Friday, May 11, 2018

Through the Kitchen and home again

Eastern Redbuds in bloom in Central Park. 3:00 PM. Photo: JH.
Friday, May 11, 2018. A mild day, yesterday in New York, with temperatures in the not-as-warm low 60s, rainclouds passing over and the Sun occasionally peeping through.

The busy social calendar is still a couple of weeks from lightening up. Last Sunday night the Cancer Research Institute held its 35th annual “Through the Kitchen” party at The Grill and The Pool in the Seagrams Building.

This event is the baby (now grown up) of Lauren Veronis, who created the idea and brought in — and continues to bring in — the crowds. As usual, they had a big turnout (a lot of longtime supporters with many new ones joining the roster). It begins at 7 p.m. with cocktails in The Grill, followed by the distribution of the chef’s aprons for all the guests. Then the be-aproned enter the streamlined kitchen, which has been entirely renovated by the new restaurateurs, very large dinner plates are waiting — to move through the kitchen for an astounding buffet.

It’s hard to resist wanting to try everything no matter what diet you’re on. And there is a lot of everything — all kinds of salads, meats, pastas, seafood, sushi and breads. and most people I noticed (including myself) tend to load as much on the plate as possible.
John and Lauren Veronis.
From the kitchen, guests and their plates move into The Pool room where the tables for eight and ten are decorated with a specific theme. This year it was magazines. I happened to be seated at the Playboy table decorated with, you can see, a mannequin costumed like a Playboy bunny dominating. And the model on the Playboy cover looks amazingly like Jamee Gregory who coincidentally was also at the Playboy table. This year they even used the pool with a “fisherman” reading a magazine (Field & Stream?) and occasionally throwing a line across the water as if to catch something (that wasn’t there).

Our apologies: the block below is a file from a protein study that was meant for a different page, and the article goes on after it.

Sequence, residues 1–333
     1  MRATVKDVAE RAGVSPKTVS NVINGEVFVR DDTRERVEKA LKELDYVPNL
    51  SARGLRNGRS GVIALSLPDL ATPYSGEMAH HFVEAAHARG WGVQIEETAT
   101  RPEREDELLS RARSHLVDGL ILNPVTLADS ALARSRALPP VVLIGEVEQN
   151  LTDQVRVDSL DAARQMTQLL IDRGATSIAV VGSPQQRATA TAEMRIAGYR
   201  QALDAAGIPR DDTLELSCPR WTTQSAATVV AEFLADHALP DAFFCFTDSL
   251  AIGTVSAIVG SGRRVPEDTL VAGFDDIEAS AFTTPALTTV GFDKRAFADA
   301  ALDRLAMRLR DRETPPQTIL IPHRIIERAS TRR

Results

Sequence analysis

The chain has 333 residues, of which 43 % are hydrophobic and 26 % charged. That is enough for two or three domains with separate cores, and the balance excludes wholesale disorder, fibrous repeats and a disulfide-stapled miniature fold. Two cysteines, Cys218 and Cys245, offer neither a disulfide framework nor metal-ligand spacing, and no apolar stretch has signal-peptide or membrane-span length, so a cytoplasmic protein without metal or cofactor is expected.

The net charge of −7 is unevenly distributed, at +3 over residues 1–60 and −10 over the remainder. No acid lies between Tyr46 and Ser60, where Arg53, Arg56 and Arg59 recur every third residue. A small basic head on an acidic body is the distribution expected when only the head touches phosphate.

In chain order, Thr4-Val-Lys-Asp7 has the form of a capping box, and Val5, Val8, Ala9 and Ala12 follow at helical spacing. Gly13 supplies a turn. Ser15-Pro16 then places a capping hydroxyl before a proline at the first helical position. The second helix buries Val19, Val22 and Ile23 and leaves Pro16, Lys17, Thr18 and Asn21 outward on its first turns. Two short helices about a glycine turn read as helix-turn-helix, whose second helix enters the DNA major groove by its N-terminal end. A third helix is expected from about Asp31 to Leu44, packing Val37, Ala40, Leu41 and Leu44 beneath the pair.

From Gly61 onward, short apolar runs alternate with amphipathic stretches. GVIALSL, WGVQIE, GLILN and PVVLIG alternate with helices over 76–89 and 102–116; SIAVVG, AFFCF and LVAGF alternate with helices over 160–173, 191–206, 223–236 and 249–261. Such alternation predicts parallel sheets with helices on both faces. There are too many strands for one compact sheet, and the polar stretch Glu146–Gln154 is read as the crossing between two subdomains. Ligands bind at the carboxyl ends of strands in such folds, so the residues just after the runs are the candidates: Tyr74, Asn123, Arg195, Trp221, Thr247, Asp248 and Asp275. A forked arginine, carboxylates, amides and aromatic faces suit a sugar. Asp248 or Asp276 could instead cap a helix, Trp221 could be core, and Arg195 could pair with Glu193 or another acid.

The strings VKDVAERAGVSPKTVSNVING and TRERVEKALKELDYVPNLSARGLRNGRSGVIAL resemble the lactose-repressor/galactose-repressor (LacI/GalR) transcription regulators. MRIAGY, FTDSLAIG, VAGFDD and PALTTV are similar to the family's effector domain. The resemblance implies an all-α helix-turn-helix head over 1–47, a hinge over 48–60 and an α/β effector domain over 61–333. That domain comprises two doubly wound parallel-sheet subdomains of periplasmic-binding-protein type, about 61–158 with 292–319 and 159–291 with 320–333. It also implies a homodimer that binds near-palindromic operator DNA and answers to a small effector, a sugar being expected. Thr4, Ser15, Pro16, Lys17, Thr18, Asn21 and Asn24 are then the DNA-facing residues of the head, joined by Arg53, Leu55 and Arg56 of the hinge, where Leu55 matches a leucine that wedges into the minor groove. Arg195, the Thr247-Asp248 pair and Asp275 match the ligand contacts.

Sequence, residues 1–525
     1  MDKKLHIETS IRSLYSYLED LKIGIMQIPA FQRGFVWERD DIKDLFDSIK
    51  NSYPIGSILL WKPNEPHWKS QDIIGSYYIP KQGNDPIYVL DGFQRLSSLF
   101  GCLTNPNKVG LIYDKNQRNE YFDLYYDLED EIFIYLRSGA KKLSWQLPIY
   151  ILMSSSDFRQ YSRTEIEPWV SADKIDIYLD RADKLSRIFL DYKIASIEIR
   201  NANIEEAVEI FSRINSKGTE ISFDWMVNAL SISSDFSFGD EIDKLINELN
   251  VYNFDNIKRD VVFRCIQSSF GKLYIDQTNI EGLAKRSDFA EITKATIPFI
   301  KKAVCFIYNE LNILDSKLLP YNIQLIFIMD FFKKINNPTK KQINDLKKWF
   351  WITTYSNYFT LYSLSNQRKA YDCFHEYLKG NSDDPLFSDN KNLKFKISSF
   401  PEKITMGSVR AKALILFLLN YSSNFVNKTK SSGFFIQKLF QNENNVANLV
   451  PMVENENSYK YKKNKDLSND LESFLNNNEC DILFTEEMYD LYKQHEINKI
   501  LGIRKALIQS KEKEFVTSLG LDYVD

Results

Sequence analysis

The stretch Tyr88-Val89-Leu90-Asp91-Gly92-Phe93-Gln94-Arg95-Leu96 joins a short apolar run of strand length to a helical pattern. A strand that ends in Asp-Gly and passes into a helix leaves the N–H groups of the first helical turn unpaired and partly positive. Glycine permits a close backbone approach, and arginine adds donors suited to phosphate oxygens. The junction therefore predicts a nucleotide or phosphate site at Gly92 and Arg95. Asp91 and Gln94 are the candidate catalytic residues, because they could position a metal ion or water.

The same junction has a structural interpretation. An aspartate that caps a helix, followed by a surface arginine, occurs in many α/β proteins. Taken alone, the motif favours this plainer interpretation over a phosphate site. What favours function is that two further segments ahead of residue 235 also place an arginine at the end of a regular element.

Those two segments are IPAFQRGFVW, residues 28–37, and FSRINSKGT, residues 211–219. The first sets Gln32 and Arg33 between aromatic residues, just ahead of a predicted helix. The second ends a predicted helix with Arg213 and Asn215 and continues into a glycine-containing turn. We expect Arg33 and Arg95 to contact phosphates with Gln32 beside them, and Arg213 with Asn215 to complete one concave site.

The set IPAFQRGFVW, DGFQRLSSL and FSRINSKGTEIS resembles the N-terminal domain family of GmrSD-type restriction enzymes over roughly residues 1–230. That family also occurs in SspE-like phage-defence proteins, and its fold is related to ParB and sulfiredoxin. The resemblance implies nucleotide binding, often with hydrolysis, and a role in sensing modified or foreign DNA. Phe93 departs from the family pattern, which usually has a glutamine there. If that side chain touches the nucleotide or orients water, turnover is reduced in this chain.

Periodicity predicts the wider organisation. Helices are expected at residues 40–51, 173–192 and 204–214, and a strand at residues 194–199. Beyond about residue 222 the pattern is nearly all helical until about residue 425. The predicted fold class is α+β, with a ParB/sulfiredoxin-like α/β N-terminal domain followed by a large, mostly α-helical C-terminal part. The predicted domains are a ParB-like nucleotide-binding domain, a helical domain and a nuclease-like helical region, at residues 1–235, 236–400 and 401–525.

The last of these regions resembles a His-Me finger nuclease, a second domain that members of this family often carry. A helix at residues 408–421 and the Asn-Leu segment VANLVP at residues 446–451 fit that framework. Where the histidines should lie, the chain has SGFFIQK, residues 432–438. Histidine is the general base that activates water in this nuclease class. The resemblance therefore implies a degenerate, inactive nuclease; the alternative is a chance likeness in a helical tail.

The table theme: magazines.
It’s a perfect Sunday night occasion with the buffet being the VERY grand entertainment — and delicious. This party originated in the same location when it was the Four Seasons Restaurant, and always on a Sunday night. The “entertainment” for this very popular event is of course The Food. The new owners of this restaurant present a fabulous menu of all the basics we love to gorge ourselves on (occasionally).
Cocktails in The Grill.
Making our way through the kitchen ...
During the dinner Jill O’Donnell-Tormey Ph.D. who is the CEO and Director of Scientific Affairs of the Cancer Research Institute, told the guests about the progress that was being made through their generous support. This year the evening raised $1.4 million, which will enable CRI to fund six new fellow beginning in July and continuing for three years. She reminded everyone that their generosity is funding exciting advances in immunotherapy that is saving more lives and leading to cures for many kinds of cancers.
Dinner in The Pool.